Stephen Morris, the Peter A. Diamond Professor in Economics, is an economic theorist who has made important contributions to the foundations of game theory and mechanism design, as well as applications in macroeconomics, international economics, and finance. He has developed new ways of understanding and modeling the role of incomplete information in the economy, and its implications for analysis and policy.
Morris received his undergraduate degree in mathematics and economics at Cambridge University, and his PhD from Yale University. He taught at the University of Pennsylvania, Yale University, and Princeton University before joining MIT’s Department of Economics in 2019.
Morris is a fellow and was president of the Econometric Society. He is a member of the American Academy of Arts and Sciences, a research fellow of the Center for Economic Policy Research, and was a Sloan Research and Guggenheim Fellow.
Gigliola Staffilani, the Abby Rockefeller Mauzé Professor of Mathematics, is a mathematical analyst whose research focuses on dispersive nonlinear partial differential equations. She is one of 59 new members who are women, the most elected to the NAS in a single year.
Staffilani received the BS equivalent from the University of Bologna in 1989, and MS and PhD degrees from the University of Chicago in 1991 and 1995. She held positions at Princeton, Stanford, and Brown universities, and joined MIT in 2002.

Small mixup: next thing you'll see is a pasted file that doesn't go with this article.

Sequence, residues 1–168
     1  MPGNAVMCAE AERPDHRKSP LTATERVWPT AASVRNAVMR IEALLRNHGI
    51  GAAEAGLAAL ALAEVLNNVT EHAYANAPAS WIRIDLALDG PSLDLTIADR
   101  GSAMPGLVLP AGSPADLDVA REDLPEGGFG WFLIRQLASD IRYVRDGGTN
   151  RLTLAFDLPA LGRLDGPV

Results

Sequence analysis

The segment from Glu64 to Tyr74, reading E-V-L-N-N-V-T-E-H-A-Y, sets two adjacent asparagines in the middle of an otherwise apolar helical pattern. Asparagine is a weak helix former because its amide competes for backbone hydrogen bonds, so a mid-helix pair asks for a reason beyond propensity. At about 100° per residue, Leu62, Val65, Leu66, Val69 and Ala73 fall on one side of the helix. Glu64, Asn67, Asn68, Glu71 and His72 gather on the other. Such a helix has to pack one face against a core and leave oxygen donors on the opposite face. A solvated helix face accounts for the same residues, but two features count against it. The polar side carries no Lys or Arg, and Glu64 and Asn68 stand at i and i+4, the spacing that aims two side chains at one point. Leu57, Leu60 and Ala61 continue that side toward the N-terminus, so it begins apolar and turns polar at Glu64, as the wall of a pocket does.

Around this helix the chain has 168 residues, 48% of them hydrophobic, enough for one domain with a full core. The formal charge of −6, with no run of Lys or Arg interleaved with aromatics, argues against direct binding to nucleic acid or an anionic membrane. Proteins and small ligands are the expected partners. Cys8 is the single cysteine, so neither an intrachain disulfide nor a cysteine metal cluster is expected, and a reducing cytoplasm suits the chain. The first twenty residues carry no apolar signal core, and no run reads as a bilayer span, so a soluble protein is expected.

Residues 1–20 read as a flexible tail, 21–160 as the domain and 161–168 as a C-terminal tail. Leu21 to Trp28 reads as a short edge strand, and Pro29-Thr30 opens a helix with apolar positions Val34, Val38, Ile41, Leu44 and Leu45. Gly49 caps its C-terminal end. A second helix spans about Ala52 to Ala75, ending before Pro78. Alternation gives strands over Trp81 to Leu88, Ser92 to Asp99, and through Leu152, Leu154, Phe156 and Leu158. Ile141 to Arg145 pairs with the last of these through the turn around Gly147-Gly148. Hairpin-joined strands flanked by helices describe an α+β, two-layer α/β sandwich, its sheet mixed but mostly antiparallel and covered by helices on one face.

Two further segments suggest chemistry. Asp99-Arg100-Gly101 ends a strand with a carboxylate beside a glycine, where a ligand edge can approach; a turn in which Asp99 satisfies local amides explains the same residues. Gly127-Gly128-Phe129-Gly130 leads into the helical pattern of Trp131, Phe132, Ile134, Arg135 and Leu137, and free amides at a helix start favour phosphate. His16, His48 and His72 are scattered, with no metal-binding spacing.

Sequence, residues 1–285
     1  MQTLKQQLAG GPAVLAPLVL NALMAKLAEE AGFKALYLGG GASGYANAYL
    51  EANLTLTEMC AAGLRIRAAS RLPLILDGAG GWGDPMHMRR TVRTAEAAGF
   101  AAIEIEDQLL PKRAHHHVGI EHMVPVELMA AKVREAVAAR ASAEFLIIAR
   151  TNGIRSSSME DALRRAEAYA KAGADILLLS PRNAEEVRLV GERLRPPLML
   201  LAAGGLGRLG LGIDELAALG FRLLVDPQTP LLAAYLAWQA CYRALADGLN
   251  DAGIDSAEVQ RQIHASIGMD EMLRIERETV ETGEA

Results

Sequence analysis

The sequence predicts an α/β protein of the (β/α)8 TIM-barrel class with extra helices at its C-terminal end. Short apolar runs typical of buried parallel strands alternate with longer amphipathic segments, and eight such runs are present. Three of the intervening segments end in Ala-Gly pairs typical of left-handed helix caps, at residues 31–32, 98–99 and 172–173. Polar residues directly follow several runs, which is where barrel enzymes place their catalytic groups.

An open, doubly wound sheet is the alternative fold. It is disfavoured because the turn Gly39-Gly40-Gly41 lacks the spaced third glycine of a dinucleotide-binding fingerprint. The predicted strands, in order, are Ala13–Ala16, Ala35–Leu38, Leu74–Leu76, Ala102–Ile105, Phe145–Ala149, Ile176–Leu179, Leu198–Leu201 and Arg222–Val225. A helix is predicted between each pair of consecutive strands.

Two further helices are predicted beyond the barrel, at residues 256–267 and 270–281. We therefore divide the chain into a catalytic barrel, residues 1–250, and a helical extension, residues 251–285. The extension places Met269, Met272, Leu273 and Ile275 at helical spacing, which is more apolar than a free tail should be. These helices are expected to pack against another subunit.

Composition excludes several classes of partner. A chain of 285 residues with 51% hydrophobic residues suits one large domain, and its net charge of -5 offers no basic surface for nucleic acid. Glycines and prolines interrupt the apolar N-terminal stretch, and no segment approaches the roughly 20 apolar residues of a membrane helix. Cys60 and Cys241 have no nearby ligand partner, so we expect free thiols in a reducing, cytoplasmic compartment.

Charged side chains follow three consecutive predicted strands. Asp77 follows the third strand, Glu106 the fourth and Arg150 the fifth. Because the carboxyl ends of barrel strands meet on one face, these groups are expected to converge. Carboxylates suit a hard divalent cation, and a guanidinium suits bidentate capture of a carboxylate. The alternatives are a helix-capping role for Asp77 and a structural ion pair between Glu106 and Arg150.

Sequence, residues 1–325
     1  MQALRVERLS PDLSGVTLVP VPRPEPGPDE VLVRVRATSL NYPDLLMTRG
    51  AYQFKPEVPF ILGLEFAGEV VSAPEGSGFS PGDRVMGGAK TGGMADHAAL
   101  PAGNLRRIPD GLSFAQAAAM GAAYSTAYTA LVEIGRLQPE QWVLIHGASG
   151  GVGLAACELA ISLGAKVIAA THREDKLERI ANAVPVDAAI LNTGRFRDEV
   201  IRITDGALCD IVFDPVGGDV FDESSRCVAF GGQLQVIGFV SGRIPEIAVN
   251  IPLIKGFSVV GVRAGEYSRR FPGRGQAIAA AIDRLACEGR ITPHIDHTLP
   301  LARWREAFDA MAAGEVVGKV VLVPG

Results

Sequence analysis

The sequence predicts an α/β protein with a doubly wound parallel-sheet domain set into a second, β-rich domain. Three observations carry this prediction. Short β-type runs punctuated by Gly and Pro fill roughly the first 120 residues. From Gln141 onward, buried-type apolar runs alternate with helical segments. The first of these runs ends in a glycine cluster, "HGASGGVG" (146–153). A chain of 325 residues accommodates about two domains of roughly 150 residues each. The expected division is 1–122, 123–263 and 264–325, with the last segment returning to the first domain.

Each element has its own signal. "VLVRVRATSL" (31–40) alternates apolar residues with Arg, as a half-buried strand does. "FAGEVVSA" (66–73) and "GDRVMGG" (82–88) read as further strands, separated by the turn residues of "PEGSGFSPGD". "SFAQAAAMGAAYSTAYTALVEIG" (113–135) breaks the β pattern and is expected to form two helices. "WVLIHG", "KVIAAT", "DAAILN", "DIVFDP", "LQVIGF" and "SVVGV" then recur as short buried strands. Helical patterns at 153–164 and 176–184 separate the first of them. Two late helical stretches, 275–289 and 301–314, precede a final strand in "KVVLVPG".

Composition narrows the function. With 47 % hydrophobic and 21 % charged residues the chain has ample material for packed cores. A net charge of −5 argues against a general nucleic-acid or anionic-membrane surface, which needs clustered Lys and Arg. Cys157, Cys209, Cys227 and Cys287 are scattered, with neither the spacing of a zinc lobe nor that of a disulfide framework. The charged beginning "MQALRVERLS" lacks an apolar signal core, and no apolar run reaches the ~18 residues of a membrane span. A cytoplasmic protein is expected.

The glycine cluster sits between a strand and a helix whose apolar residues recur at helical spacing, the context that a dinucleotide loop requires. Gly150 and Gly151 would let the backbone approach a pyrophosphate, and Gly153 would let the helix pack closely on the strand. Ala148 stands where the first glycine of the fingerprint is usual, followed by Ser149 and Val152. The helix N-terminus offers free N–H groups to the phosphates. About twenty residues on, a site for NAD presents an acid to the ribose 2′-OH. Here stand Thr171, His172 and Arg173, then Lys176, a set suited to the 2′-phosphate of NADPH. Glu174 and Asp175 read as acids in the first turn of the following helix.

She is a member of the Massachusetts Academy of Sciences, the American Academy of Arts and Sciences, and the National Academy of Sciences. She received a Guggenheim Fellowship and a Simons Fellowship in Mathematics, and is a fellow of the American Mathematical Society. At MIT, she received the inaugural MITx Prize for Teaching and Learning in MOOCs by the MIT Office of Digital Learning, the Earll M. Murman Award for Excellence in Undergraduate Advising, and the “Committed to Caring” award by the Office of Graduate Education.
Robert Guy Griffin
Robert Guy Griffin, the Arthur Amos Noyes Professor of Chemistry, is also director of the Francis Bitter Magnet Laboratory. He devotes a large fraction of the Griffin Group’s research efforts to develop new magnetic resonance techniques to study molecular structure and dynamics. He also develops high-field dynamic nuclear polarization for the study of biological solids.
Griffin received his BS in 1964 from the University of Arkansas, and his PhD from Washington University in 1969. He joined the Francis Bitter Magnet Laboratory in 1972, and the Department of Chemistry’s faculty in 1989.
He was awarded the Richard R. Ernst Prize in Magnetic Resonance, sponsored by the Bruker BioSpin Corporation, for his pioneering contributions to high-resolution solid-state nuclear magnetic resonance as a whole, as well as its applications to biological systems. In particular, Griffin has developed widely used techniques for dipolar recoupling that permit internuclear distances to be measured during so-called “magic angle” spinning experiments.
He has also received the ISMAR (International Society of Magnetic Resonance) Prize, the Günther Laukien Prize for NMR research, and the Bijvoet Medal of the Bijvoet Center for Biomolecular Research of Utrecht University.